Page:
KWAZULU-NATAL – aQuellé recently concluded their “Triple the Joy” campaign which saw the brand travel over 4800 kilometres across South Africa and distribute bottles of water and gifts to children and adults in underdeveloped rural communities. The three-month campaign, which ended in August, followed the #SpreadTheJoySA” summer campaign. That campaign introduced consumers in the major centres of Durban, Cape Town, Johannesburg and Port Elizabeth to three limited edition sparkling water flavours – watermelon, granadilla and apple. According to aQuellé managing director Arno Stegen, the public response had been such that all three limited edition flavours rolled out for the campaign had been added to aQuellé’s permanent line-up. “We had intended to choose just one flavour when the campaign ended, but the public voted in favour of keeping all three. In response, we also multiplied our giving back to the community,” said Stegen. The aQuellé new flavour mascots visited non-profit organisations in three provinces, distributing bottled water, meals and donations such as gazebos, playground equipment, schoolbags and stationery to beneficiaries. “The premise behind the community campaign was that joy is meant to be shared. So, we asked the public to share stories on social media about organisations they knew of that deserved a bit more joy. We were really touched by what we heard and selected four to visit,” said Stegen. The campaign kicked off in May with a visit to the Careways Siyanakekela Centre in KwaNdengezi, KwaZulu-Natal. Here intellectually impaired adults meet once a week to learn basic skills and take part in activities that help them to build self-esteem and find their place in the community. In June, the team visited the Goldhill Legends Netball Club in Mitchell’s Plain, Cape Town. The club draws players as young as seven from the impoverished communities of Hanover Park, Lavender Hill, Delft and Mitchell’s Plain, keeping them off the . . .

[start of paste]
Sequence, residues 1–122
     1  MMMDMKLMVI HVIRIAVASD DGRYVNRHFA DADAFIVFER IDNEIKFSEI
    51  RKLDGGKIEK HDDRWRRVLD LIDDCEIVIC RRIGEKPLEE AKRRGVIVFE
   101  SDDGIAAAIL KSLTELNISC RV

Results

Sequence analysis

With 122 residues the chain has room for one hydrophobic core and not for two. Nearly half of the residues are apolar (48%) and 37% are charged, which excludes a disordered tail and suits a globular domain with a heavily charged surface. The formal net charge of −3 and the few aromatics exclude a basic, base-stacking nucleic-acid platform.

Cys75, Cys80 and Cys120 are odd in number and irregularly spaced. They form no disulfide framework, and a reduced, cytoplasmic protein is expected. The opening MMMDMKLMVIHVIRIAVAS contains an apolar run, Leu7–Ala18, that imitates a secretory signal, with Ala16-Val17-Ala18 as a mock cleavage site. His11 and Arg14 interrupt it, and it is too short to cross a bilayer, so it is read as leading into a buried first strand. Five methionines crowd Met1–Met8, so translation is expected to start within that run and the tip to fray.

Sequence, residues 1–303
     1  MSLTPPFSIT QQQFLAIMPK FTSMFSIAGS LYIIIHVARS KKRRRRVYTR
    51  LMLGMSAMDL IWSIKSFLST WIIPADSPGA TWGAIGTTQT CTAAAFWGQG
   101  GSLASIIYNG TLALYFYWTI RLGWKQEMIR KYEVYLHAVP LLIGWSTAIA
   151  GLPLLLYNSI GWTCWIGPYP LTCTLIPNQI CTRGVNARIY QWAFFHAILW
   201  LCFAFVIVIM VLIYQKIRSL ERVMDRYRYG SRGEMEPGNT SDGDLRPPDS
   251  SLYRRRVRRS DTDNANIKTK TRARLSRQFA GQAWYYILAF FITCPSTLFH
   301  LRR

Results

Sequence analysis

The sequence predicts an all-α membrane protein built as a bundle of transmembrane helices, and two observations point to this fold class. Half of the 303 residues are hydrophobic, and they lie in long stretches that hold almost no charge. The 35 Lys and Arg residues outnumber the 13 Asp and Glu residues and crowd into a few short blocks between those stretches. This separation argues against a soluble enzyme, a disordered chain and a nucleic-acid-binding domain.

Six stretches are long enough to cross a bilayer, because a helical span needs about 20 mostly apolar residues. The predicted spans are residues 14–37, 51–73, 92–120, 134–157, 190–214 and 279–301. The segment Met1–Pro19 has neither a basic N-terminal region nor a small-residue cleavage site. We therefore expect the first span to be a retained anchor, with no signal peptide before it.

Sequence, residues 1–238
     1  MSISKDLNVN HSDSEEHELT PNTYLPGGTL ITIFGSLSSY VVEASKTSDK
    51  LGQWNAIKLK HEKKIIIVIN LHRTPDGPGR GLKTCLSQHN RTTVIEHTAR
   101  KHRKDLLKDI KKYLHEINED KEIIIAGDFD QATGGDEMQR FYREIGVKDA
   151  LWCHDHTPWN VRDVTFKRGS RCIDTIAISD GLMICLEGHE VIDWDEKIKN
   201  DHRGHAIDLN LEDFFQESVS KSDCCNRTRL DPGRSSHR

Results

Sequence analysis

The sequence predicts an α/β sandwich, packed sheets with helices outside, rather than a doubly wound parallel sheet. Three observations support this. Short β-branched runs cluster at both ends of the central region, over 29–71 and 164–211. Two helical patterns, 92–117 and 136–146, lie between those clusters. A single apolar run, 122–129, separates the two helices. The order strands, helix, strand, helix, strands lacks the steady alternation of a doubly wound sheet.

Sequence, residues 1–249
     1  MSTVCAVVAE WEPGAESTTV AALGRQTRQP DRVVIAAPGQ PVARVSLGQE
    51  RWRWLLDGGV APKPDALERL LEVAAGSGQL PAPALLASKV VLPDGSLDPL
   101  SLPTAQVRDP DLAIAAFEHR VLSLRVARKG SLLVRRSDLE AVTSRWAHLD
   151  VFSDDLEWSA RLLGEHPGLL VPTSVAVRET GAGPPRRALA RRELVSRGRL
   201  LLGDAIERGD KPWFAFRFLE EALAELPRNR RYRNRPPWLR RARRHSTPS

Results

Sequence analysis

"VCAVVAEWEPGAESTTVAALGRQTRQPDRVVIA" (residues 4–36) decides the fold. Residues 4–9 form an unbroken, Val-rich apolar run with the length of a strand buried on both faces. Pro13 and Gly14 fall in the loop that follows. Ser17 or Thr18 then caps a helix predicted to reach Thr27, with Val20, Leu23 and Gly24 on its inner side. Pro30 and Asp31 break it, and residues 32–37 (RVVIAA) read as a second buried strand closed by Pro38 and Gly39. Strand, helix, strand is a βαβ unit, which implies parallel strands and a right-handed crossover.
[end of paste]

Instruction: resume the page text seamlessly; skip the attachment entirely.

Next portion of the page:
UMZAMOWETHU, OYSTER BAY – ABOUT 1,000 pupils, their parents and teachers flocked to the Umzamowethu Community Hall on Heritage Day to meet US astronaut Dr Donald Thomas and listen to him speak of how – despite his humble beginnings – he became an intrepid space traveller. Thomas was visiting the community on invitation of the Kouga Wind Farm, as part of the Eastern Cape leg of his tour which started in Cape Town earlier this month (September 16). After visiting pupils in Port Elizabeth on Tuesday, he wrapped his tour on Wednesday (September 26) in Grahamstown. The talk formed part of Kouga Wind Farm’s sustainable development drive in the communities within its geographic footprint, with education being a key area of investment. Among the wind farm’s many other community upliftment programmes is a R4-million custom-built library and IT centre launching later this year. Addressing the pupils, Thomas detailed the many obstacles he overcame, including growing up in an impoverished home without a dad and, on many occasions, even without food on the table. He had to work hard to earn scholarships for university in order to land the education he needed to become an astronaut, he told pupils. “Never let anyone tell you that you can’t do something,” he told the star-struck youngsters, stressing the importance of never giving up on one’s dreams and that hard work really does pay off in the end. “You should be willing to work hard towards your dreams and not be deterred by those that tell you it can’t be done,” he said. Thomas also described what it was like to fly in a space shuttle and answered questions from pupils which included how he managed to eat, sleep and even use the toilet in outer space. During his 20-year tenure with NASA, which included four historic shuttle missions, Thomas logged over 1,000 hours of adventure in space and completed 692 orbits of the earth. His inaugural mission aboard the STS-65 Columbia in July 1994 set a new flight . . .